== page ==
PRESS RELEASES

Risk Factors for Drug Overdose Identified

Researchers from McLean Hospital call for greater efforts "to address this growing public health problem."

FOR IMMEDIATE RELEASE:
July 12, 2007

CONTACT:
Laura Neves
Public Affairs
617.855.2110

Belmont, MA - The best predictor of whether someone will overdose after detoxification from drugs or alcohol is if he or she has done so previously, says a study lead by researchers at Harvard-affiliated McLean Hospital.

    The paper, published in the July 10 issue of the journal Drug and Alcohol Dependence (abstract), found that 17 percent of a study sample of 470 adults in a Boston detoxification program had overdosed within two years of discharge, while 27 percent of those with problem opioid use overdosed in the two-year follow-up period.

    Those most likely to have an overdose, in the follow-up period were those who had previously overdosed, says study author James D. Wines Jr., MD, MPH, of McLean Hospital's Alcohol and Drug Abuse Research Center.

    "There is a national epidemic of drug poisoning deaths, but we do not have a very good handle in terms of who these people are," Wines says. "This study may help us better identify those individuals at greatest risk."

    In his study, Wines found that the most likely to overdose are individuals who have overdosed before, as well as those with recent symptoms of depression.

    Of the 470 subjects, 6 percent suffered their first overdose during the follow-up period after detoxification. Of those with opioid problems, 11 percent experienced their first overdose during a two-year period after receiving treatment. The study tracked self-reported, non-fatal overdoses requiring emergency medical care.

    Thirty-one percent of all subjects, and 42 percent of those with problem opioid use, had a lifetime history of overdose prior to admission, and Wines says those figures might be on the low side, since many overdoses are not treated medically.

    Those with prior histories of overdose were six times more likely to overdose again, the study found.    

    "The findings underscore both the high prevalence of non-fatal overdoses among detoxification patients, especially opioid users, and the potency of prior overdose as a risk factor for future drug overdose," says Wines.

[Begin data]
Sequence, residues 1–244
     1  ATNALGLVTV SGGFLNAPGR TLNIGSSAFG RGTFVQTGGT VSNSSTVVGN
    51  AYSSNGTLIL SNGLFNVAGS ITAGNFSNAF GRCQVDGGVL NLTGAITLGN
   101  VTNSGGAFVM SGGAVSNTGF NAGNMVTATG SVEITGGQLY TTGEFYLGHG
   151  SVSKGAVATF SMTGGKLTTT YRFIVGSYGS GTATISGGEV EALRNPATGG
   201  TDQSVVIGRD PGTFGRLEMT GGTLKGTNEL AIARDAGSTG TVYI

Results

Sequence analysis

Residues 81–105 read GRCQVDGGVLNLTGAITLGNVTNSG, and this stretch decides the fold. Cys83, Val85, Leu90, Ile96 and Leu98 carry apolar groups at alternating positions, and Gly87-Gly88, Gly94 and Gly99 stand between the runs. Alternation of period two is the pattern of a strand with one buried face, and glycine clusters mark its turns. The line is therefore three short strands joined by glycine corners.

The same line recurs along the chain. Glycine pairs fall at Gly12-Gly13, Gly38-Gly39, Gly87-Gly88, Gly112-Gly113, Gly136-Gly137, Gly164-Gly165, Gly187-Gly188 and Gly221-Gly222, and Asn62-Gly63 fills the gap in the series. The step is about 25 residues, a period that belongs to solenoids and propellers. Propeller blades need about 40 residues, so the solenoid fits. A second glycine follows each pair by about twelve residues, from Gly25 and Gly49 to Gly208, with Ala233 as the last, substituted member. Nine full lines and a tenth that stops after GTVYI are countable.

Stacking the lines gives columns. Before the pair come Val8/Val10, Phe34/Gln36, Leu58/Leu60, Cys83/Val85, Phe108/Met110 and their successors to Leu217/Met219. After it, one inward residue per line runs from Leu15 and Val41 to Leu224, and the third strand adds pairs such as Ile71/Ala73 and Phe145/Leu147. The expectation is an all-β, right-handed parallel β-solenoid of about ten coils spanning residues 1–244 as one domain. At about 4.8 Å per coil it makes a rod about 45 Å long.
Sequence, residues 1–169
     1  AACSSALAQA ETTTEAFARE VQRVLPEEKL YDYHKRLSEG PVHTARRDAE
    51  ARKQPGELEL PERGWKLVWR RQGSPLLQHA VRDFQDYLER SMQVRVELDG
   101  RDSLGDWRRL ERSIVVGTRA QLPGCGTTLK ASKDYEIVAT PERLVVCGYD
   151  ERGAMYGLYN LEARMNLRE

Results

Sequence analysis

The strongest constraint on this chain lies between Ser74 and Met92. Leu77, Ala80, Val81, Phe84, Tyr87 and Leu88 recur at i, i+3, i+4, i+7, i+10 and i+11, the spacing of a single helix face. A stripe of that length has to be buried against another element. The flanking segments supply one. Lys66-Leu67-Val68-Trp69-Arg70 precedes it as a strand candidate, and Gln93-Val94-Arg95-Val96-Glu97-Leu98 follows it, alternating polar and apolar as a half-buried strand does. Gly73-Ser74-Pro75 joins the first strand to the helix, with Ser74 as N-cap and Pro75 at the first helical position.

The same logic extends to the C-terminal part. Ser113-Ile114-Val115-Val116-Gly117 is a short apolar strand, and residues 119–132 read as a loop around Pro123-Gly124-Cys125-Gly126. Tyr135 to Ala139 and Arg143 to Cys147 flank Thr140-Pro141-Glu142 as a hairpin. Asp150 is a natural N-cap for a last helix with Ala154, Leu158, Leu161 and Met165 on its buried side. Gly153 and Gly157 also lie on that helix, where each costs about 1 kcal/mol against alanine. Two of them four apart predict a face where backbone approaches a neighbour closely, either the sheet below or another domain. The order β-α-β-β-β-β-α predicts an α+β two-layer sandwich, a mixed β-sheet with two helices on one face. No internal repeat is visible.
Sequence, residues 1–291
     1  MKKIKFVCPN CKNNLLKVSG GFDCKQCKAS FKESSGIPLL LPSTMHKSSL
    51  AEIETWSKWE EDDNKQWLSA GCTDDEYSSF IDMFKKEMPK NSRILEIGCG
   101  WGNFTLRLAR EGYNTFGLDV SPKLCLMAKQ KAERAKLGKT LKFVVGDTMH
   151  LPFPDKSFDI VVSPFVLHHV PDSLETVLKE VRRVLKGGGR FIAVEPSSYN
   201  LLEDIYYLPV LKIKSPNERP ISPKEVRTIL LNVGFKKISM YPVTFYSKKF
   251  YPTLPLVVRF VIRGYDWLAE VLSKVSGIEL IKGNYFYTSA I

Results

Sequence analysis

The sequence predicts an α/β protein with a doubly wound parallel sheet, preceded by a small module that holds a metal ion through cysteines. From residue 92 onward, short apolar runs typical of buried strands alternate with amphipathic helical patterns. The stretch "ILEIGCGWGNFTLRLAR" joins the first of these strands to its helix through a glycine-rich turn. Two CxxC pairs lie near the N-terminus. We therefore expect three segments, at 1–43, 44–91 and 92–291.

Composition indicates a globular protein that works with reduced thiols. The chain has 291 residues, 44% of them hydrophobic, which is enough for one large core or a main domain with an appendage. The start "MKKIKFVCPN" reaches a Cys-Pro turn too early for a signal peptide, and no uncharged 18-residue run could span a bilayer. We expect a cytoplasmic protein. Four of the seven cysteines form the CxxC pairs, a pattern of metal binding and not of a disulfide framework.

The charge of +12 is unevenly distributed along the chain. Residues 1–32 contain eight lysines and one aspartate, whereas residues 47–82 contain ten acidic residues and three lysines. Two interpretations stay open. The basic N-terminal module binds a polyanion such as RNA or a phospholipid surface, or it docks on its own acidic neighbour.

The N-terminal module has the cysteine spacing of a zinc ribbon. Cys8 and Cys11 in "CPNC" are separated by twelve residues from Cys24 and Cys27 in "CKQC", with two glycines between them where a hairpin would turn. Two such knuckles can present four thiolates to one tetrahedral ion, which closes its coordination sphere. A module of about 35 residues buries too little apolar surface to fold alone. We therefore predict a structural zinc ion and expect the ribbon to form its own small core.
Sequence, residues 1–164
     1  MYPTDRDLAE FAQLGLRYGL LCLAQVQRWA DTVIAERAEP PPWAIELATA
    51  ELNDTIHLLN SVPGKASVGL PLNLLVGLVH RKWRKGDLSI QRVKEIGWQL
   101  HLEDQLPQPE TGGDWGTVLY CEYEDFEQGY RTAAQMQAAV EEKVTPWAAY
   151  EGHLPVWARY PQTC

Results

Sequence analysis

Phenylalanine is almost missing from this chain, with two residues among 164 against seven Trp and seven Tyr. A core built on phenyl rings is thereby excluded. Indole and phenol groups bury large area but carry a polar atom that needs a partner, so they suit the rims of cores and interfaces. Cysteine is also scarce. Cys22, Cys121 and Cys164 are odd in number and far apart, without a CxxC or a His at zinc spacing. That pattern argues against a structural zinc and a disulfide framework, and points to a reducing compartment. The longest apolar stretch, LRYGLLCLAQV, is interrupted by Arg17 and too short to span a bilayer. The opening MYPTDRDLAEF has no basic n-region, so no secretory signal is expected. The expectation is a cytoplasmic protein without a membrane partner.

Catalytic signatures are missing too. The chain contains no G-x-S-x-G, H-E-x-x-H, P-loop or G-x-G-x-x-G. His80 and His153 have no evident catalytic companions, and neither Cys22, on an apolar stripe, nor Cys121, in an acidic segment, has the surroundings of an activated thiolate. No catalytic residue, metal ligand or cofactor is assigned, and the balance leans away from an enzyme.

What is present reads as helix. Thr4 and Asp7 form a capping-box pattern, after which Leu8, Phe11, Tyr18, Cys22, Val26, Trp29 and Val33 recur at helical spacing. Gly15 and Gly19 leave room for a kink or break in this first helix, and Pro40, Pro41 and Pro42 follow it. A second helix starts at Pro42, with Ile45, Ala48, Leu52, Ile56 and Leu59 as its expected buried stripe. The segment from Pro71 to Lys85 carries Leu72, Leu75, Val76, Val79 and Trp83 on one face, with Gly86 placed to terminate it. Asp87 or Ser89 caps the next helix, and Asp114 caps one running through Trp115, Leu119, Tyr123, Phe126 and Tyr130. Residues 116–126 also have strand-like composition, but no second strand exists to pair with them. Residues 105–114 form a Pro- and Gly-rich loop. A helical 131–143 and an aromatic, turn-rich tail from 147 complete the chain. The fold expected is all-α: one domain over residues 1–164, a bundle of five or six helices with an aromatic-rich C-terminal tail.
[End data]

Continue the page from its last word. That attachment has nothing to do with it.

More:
Wines hopes that the findings will prompt those in the field of drug and alcohol abuse treatment to screen patients for prior overdose, depressive symptoms and other factors that may play a role in leading to overdose.

    Overdose "is a very prevalent event, a potentially life-threatening event and an event that is grossly understudied," he says. "Surveillance systems indicate that fatal overdose is increasing. We need to marshal efforts on a variety of levels to address this growing public health problem."

    According to national statistics, in 2004 there were 30,308 fatal poisonings and 857,687 non-fatal poisonings. Poisonings were the second leading cause of injury death overall. United States. Such poisonings include overdoses on illicit drugs, alcohol and medications.

    Wines speculates that the increased incidence of overdosing might in part be due to the heightened use and misuse of prescription pain medications as well as the growing misuse of prescription pain relievers by young people.

    "Another interesting finding of our study is the link between depressive symptoms and increased risk of overdose," says Wines. "A critical next step will be to distinguish between unintentional overdoses and suicide attempts. In any case, since depressive symptoms are modifiable, effectively treating depression may prevent overdose in some individuals."

    Curiously, although prior overdose, regardless of intent, was a risk factor for future overdose, the paper notes that prior unintentional overdose was the strongest predictor of future overdose. However, the paper also concludes that there was some evidence indicating that some "accidental" overdoses may not be completely unintentional.

    The study was conducted in collaboration with researchers at the Boston University School of Medicine and Boston Medical Center and funded by the National Institute on Drug Abuse, the National Institute on Alcohol Abuse and Alcoholism, and the National Center for Research Resources.

U.S. News & World Report consistently ranks McLean Hospital the nation's top psychiatric hospital. McLean is an affiliate of Harvard Medical School and Massachusetts General Hospital, and a member of Partners HealthCare.

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